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Why Padraig Harrington’s long game was up with the best at the US Open


Padraig Harrington. Pic: Getty Images.

Padraig Harrington. Pic: Getty Images.

Padraig Harrington. Pic: Getty Images.

WANT to know how Webb Simpson won the US Open? Well, do not bother to look at the statistics for the week in San Francisco. All that mattered at the end of the day - at the end of any day, come to that - was that Simpson scored lower than anybody else.

Of the 72 players who contested the final two rounds at the Olympic Club the 26-year-old American ranked a lowly 53rd in driving distance with an average of 278.9 yards.

No surprise to find that, with Masters champion Bubba Watson and Spaniard Alvaro Quiros missing the halfway cut, it was Belgian Nicolas Colsaerts who led the way there.

Colsaerts, who fell back to 27th with a closing 76, had an amazing average of 339.3 yards - almost 22 yards longer than next-best Angel Cabrera and an incredible 86 yards longer than bottom-ranked Sergio Garcia.

Simpson ranked 13th in fairways hit for the week with 31 out 56. Italian Francesco Molinari was best in that category. He found 39, but finished only 29th in the tournament.

South African Branden Grace was worst with a mere 10 out of 56, eight fewer than anybody else.

In greens found in regulation - one shot for par threes, two for par fours and three for par fives - Simpson ranked 16th with his 42 out of 72.

Best there was compatriot Jason Dufner with 50. Worst was Australian Alistair Presnell with 30.

Simpson had 114 putts in the four rounds, an average of 28.5 a day. But that placed him only 18th in that category. Joint runner-up Michael Thompson led the way with 107, while Zach Johnson, Hiroyuki Fujita and Jonathan Byrd were joint worst with 125.

In trying to draw conclusions from the championship, perhaps the most revealing thing was driving distance.

There are weeks on tour in America and Europe where hitting the ball almost out of sight appears to matter more than anything, but not so on this occasion.

Of the top eight finishers only Padraig Harrington finished in the top 20 for length off the tee.

The Dubliner came 18th with an average of 292.8, while Simpson was 53rd, runners-up Thompson and Graeme McDowell 52nd and 47th respectively and alongside Harrington in fourth spot were David Toms and Dufner (both 49th), John Petersen in 37th and Jim Furyk down in 64th.

On the European Tour this season Colsaerts is still being edged out by Quiros - 318 yards to 317.6.

It does not mean any more than bragging rights, of course, but it promises to be some contest. Quiros has topped the list four of the past five years, Colsaerts took the prize off him in 2010.

As for the Olympic Club itself, the 489-yard par four proved to be the toughest, playing to an average of over 4.5.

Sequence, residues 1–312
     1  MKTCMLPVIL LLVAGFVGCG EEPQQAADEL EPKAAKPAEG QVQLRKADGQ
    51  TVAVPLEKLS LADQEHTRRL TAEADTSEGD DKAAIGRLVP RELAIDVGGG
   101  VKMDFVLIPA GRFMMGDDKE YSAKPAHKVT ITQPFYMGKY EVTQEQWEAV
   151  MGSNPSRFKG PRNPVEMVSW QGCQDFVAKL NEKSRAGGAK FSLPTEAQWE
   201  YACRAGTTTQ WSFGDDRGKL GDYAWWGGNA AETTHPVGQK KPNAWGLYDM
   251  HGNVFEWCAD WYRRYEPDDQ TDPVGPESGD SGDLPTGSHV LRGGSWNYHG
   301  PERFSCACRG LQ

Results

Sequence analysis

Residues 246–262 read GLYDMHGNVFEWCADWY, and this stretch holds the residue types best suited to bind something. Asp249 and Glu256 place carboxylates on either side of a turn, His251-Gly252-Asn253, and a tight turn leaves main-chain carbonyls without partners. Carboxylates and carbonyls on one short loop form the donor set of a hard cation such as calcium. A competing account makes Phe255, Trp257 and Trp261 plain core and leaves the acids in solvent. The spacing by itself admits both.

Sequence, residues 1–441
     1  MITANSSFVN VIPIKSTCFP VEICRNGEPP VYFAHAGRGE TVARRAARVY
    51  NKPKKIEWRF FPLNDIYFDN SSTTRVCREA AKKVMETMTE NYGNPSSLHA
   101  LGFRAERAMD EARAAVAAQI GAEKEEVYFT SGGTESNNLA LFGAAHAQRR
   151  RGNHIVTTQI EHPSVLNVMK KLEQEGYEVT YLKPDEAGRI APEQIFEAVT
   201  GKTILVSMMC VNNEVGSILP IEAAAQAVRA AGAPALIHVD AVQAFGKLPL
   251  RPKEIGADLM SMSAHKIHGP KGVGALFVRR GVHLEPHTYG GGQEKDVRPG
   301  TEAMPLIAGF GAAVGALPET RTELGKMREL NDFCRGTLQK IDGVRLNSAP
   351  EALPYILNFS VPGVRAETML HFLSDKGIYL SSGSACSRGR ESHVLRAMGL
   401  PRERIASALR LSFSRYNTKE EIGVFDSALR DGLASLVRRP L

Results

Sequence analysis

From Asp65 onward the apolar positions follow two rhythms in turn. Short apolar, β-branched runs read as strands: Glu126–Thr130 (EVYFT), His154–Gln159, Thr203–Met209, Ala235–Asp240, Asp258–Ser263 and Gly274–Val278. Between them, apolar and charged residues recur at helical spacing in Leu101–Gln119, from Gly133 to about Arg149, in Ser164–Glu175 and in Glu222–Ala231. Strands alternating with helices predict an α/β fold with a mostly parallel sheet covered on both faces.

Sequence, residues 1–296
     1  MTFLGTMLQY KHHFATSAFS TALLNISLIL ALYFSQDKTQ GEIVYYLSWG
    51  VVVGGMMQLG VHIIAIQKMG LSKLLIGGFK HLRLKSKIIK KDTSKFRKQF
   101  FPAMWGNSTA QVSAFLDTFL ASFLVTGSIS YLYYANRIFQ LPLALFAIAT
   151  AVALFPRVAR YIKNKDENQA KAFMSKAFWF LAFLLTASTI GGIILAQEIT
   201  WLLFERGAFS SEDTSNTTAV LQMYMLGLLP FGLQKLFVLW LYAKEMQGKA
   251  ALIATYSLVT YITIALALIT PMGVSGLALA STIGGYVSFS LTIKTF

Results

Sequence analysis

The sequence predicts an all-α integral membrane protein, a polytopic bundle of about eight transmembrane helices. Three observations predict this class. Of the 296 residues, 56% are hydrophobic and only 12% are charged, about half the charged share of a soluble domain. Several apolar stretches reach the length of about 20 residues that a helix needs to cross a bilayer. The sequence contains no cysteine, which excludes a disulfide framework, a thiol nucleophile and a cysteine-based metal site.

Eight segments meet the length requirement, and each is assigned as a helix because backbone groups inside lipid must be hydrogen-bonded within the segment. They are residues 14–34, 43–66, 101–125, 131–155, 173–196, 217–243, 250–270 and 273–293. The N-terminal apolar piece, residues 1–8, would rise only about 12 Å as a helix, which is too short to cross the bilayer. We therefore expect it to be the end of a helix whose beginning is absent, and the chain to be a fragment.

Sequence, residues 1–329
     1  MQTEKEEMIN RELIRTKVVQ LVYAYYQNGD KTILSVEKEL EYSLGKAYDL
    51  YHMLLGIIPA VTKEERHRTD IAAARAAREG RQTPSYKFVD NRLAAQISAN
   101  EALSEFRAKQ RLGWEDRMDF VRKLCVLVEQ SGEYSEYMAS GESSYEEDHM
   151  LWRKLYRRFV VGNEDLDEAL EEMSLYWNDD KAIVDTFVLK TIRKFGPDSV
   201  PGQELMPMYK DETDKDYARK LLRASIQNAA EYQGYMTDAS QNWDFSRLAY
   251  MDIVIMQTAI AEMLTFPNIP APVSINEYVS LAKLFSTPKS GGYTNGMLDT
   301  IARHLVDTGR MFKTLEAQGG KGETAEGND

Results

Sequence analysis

Significantly, Simpson played it in one under par. He parred it the first three days and in the final round began a decisive run of four birdies in five holes there.

The easiest hole was the reachable long 17th. That had an average of 4.7 compared to the 5.3 of the controversial 16th.

That hole started out the week as the longest in major history at 670 yards. For the final round many of the players, including joint leader at the time Furyk, were surprised and thrown by the fact that it had been cut over 100 yards.

To get close or on the green in two that meant a big hook off the tee, but Furyk overdid it and hit into the trees just ahead of him.

He was not on the green in four, took a bogey six and could not get back on terms with Simpson.

With golf back in the Olympics in four years' time - after a gap of 112 years - the number of countries with emerging talents is growing all the time.

You can now add Swaziland to the list. Their 20-year-old Nobuhle Dlamini is currently ranked second in the world among women amateurs after a stunning run of results in southern Africa.

In winning a match play tournament last month Dlamini was through a green at a par five with a drive and six-iron and on a 368-yard par four she finished less than 50 yards from the green off the tee.

And, just to show she is not just about power, she chipped in for eagle at that par five.

The youngster attends the University of Pretoria, where she is studying for a sports science degree, and her long list of victories this season include their club championship - with rounds of 62 and 63 for a 19-under-par total.

What golfers and therefore what countries qualify for the 2016 Games in Rio de Janeiro will be determined by the world rankings.

The current plan is for 60-strong fields in both the men's and women's events and after offering places to the world top 15 at the time nations will be limited to only two players, offering the chance for the likes of Dlamini to do battle for a medal with the stars of the game.